/ For Teachers / Making Dog Sleds and Other Projects

Making Dog Sleds and Other Projects

by Melanie Scott

I teach second grade at Rose Park Christian School in Holland, Michigan. This is the second year I’ve followed the Iditarod with my students and they love it as much as I do! This year I subscribed to the Insider and the students loved seeing the video clips during the race. We had several lessons learning about the actual dog sled and then the students made their own dog sleds from popsicle sticks. They painted their sleds and then made sled bags, dogs, and other
accessories from pipe cleaners, fabric, and other misc. supplies. They also made mushers from paper or craft sticks; some of the girls brought their Polly Pocket dolls for mushers. We displayed the sleds in the hall during our parent-teacher conferences and they were a big hit.

We also had an Idita-Read reading incentive from January through March. The children kept track of their reading (1 minute = 1 mile on the Iditarod trail); the goal was for everyone to complete the race by the end of March and to cheer each other on. One student actually completed the race 3 times and several finished it twice. Everyone in the class did finish (our Red Lantern reader finished on our final day) and we celebrated with prizes and ice cream sandwiches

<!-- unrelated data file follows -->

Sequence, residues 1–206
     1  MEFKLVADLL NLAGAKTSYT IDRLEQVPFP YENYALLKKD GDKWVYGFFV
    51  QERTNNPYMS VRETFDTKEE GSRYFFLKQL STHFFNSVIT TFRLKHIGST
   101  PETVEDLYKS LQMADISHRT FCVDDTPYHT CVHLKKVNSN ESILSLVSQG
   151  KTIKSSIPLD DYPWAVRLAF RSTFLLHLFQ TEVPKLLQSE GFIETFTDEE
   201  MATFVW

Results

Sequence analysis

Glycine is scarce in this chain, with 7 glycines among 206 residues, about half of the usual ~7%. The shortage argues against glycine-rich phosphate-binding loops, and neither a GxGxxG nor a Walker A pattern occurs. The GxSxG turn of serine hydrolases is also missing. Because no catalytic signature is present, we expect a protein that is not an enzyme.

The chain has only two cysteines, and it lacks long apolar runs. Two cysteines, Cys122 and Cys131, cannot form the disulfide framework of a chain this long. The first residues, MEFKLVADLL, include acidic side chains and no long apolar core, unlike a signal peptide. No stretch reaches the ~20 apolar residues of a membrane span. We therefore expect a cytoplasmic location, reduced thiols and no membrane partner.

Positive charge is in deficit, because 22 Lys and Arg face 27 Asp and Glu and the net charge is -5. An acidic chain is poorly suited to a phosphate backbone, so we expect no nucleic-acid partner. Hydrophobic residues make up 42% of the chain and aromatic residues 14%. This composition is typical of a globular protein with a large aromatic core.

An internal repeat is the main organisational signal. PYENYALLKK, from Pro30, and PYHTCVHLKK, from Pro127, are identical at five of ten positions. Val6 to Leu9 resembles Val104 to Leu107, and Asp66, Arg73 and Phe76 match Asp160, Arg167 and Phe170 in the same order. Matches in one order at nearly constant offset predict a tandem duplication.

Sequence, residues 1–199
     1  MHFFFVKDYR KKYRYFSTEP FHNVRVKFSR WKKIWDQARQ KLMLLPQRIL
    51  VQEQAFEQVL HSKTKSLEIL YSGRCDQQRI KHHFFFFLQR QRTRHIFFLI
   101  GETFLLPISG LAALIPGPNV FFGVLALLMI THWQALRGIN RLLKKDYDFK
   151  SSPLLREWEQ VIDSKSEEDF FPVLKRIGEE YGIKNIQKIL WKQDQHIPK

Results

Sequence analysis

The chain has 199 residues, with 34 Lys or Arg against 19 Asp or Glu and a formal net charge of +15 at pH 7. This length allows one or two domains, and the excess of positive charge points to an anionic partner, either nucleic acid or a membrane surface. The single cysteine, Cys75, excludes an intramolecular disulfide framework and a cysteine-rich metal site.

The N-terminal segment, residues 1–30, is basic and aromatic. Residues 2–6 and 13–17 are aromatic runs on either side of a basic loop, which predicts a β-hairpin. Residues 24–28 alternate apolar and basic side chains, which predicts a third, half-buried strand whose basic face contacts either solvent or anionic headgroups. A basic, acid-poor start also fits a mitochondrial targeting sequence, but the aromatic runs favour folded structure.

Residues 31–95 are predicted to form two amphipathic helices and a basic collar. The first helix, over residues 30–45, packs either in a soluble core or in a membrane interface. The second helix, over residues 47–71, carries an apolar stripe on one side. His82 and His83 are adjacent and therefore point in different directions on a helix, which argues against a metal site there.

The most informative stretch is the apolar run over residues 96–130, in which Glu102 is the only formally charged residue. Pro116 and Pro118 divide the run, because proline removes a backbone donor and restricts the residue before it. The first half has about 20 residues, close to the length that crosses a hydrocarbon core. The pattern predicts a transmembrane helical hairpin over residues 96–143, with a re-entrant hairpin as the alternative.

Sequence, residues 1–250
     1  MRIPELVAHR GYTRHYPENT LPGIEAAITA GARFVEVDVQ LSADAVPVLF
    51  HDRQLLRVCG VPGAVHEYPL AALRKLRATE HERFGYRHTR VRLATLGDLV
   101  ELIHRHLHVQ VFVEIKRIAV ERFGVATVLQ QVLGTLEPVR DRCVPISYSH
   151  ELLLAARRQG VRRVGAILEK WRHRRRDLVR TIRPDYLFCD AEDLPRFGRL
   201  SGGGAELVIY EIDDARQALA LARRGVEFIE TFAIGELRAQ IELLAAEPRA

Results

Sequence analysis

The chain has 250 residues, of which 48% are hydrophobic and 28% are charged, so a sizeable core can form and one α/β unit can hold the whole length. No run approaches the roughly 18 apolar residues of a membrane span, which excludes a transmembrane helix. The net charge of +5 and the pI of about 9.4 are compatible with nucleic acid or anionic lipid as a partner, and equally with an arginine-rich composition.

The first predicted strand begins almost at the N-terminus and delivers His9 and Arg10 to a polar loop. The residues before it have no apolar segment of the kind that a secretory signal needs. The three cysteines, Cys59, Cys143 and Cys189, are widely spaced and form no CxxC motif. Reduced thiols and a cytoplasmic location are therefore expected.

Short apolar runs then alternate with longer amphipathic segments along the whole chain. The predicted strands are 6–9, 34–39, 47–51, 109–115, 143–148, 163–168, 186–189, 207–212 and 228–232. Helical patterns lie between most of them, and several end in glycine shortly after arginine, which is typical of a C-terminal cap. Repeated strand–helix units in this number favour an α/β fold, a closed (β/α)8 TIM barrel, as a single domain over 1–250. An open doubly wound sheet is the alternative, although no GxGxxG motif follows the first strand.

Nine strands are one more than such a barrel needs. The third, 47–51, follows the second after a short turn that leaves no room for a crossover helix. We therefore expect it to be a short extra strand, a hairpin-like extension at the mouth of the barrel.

at our racing “banquet” along with the movie “Balto.” (Although we had to discuss reality vs. Hollywood movies as we watched themovie. ) :)

During the week before the race the class voted on which mushers to track and they ended up with 6 that we followed. I had traveled to Alaska last summer and met several of the mushers, so it was fun to
share photos with the kids. Each day (several times) we checked on their progress and recorded when they reached the checkpoints. It was fun to hear the children talk about the mushers on a first name basis, as if they knew them personally.

We also checked the weather in Alaska during the week before and the week of the race and compared it on a temperature graph with our weather here in Holland. There were some days it was colder here than in Alaska and we talked about how the warmer temperatures weren’t great for the dogs.

Following the Iditarod with my class has proven to be a great motivator for their learning; I’m already excited about expanding it next year. Thanks for your wonderful website; it’s very helpful for those of us who don’t live in Alaska.

Melanie Scott

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